Perhaps because a couple of close friends of mine recently became or are in the process of becoming teachers, I’ve lately been struck by a couple of works that’ve used young teachers as a potent metaphor for the rather quintessential realization that grown-ups aren’t other people, they’re us. I talked about this a little when in my New Yorker Reader on Sarah Shun-Lien Bynum’s story “Yurt,” and thought about it again when watching Sally Hawkins’s force-of-nature performance as the eponymously skylarky elementary school teacher in Mike Leigh’s Happy-Go-Lucky. And maybe it’s just because of where I’m coming from, but I think that many critics aren’t honing in on the specificity of the movie’s message and how it communicates it. Yes, the movie is about a philosophical outlook — it’s a comedy about being of good cheer as a response to a world as unrelentingly harsh as the world of Leigh’s echt-miserabilist Naked or Vera Drake — but it’s also a movie about life as a process of continuing education, about people as each other’s teachers and our responsibility towards a shared environment.
I’m tempted to be a bit too cute and say that this is Leigh’s first color film — it’s not, but compare the beaten-out working-class drabs of Leigh’s other films to the Crayola (mini) skirts and (off-shoulder) sweaters on Hawkins’s Polly. For that matter, Polly seems ecstatic, maybe childish in other ways: she’s chatty, almost compulsively, in that way that kids have of constantly confirming (and drawing attention to) their contact with the world by narrating their place in it. When you see her and her friends dancing drunkenly at a disco on Saturday night, and then making bird costumes with her class of little ones on Monday morning, you at first wonder if she’s not one of those people who became a teacher because their outlook is essentially a kid’s.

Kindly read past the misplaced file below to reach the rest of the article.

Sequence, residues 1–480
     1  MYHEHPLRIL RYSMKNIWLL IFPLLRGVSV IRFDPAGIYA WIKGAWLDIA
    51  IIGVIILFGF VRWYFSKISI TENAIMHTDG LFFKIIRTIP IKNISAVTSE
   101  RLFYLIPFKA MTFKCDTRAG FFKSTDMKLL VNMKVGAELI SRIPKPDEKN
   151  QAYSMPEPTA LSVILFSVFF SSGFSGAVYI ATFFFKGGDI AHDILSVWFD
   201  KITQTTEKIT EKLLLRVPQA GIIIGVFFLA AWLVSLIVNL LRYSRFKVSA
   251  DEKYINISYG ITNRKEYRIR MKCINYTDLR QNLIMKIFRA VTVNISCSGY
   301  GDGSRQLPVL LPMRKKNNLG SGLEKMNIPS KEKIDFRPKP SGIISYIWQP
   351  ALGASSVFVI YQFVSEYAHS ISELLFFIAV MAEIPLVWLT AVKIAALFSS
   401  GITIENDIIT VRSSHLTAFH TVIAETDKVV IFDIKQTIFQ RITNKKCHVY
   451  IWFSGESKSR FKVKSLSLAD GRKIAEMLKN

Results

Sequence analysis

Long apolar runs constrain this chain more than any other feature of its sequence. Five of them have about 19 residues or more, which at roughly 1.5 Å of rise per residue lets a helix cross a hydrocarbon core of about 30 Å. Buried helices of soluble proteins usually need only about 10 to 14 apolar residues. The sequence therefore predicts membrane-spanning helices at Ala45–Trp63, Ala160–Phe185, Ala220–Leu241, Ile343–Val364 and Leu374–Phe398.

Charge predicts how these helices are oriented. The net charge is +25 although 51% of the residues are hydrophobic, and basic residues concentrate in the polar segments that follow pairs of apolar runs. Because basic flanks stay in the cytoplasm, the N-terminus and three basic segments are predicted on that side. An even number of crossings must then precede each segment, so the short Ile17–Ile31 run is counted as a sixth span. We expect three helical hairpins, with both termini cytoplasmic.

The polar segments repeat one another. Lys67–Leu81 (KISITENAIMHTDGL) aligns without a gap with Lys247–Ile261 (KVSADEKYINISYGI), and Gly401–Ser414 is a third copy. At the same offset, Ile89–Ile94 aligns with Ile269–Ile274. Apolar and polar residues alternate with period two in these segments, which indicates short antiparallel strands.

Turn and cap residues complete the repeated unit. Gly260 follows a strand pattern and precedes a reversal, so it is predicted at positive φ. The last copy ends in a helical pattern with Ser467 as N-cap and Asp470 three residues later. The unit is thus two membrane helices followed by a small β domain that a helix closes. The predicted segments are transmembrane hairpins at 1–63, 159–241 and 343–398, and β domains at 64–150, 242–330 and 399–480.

It’s perhaps a bit manipulative for Leigh to start you off thinking like this and then try to force an evolution in your understanding of Polly, but it’s a well-executed reveal, as Polly shows more layers of her personality over the course of a film — although she perhaps becomes less grating, it’s a matter less of her dawning awareness of the bigness and badness of the world than of our dawning understanding of her personality as a way of dealing with it. (We start out thinking she’s kind of a passive parrot-y conversationalist, but come to see how good she is at helping other people say what they want to say.)
We see Polly interact with people the world has failed — a perhaps too conspicuously magical encounter with a homeless man, but also, throughout the movie, with her bitter, warped driving instructor, bullied at school and essentially a ranting drop-out. (Good call by Leigh zeroing in on driving instructors as the most miserable people in the world, incidentally.) Polly comes off, in both her blithe spirit and, it turns out, her unforced compassion, as a best-case scenario. Turns she’s a teacher out of a commitment to giving people the best and earliest possible support and shot at happiness. (Leigh’s vision of the education system is multicolored and features a rosily effective demonstration of social services at work.)
There are teachers throughout the movie, in fact — not just Polly and her flatmate and colleagues but also an oversharing dancer who teachers an evening flamenco class, and Scott, the driving instructor. The whole world, even the adult world, is like a classroom (“Are we there yet?”, Polly is asked in re: adulthood), and what’s required of everybody is the same thing that’s required of an elementary school teacher: patience and positivity and support and belief in the necessity and possibility of happiness. Polly isn’t oblivious to things like responsibility and security and romantic need — despite what Polly’s mortgaged, pregnant sister insists — but rather seems to have decided that unembarrassed play (she trampolines after school!) isn’t incompatible with those things, and can perhaps make them a little less fearful.
The movie is perhaps a bit of a jerry-rigged construction — Scott’s perfect, foaming (at the mouth) storm of racism and sexual loneliness and out-and-out psychosis embodied by Scott is perhaps too neat, for instance (Leigh gives him a revised version of David Thewlis’s 666 rant from Naked). But then again, Eddie Marsan’s performance has cussed momentum. Indeed, the whole movie is consistently funny and surprising, and Hawkins, especially, is marvelous — a bowlful of sugar to help the medicine go down.
Happy-Go-Lucky played at the New York Film Festival this Saturday and Sunday; Miramax will release the film on Friday, October 10.